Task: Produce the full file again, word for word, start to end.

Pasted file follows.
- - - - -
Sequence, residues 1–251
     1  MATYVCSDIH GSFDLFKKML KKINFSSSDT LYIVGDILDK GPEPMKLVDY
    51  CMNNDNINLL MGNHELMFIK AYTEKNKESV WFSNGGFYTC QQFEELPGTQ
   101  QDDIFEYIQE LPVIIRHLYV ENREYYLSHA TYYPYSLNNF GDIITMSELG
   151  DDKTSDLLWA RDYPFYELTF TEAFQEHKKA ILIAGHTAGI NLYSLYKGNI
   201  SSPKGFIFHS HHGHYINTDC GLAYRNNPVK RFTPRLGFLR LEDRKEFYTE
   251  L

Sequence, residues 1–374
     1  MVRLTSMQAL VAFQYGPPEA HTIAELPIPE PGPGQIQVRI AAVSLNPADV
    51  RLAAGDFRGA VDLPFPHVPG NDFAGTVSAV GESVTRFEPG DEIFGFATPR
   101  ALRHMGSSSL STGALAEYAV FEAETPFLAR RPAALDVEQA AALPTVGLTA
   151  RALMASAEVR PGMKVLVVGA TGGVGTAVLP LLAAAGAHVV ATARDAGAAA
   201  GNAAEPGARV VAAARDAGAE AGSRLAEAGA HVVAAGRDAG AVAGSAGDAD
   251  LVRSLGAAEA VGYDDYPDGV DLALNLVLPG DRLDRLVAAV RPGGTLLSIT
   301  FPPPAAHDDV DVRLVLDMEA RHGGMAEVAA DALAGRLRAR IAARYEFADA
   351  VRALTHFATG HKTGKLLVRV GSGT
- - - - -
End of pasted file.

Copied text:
Sequence, residues 1–251
     1  MATYVCSDIH GSFDLFKKML KKINFSSSDT LYIVGDILDK GPEPMKLVDY
    51  CMNNDNINLL MGNHELMFIK AYTEKNKESV WFSNGGFYTC QQFEELPGTQ
   101  QDDIFEYIQE LPVIIRHLYV ENREYYLSHA TYYPYSLNNF GDIITMSELG
   151  DDKTSDLLWA RDYPFYELTF TEAFQEHKKA ILIAGHTAGI NLYSLYKGNI
   201  SSPKGFIFHS HHGHYINTDC GLAYRNNPVK RFTPRLGFLR LEDRKEFYTE
   251  L

Sequence, residues 1–374
     1  MVRLTSMQAL VAFQYGPPEA HTIAELPIPE PGPGQIQVRI AAVSLNPADV
    51  RLAAGDFRGA VDLPFPHVPG NDFAGTVSAV GESVTRFEPG DEIFGFATPR
   101  ALRHMGSSSL STGALAEYAV FEAETPFLAR RPAALDVEQA AALPTVGLTA
   151  RALMASAEVR PGMKVLVVGA TGGVGTAVLP LLAAAGAHVV ATARDAGAAA
   201  GNAAEPGARV VAAARDAGAE AGSRLAEAGA HVVAAGRDAG AVAGSAGDAD
   251  LVRSLGAAEA VGYDDYPDGV DLALNLVLPG DRLDRLVAAV RPGGTLLSIT
   301  FPPPAAHDDV DVRLVLDMEA RHGGMAEVAA DALAGRLRAR IAARYEFADA
   351  VRALTHFATG HKTGKLLVRV GSGT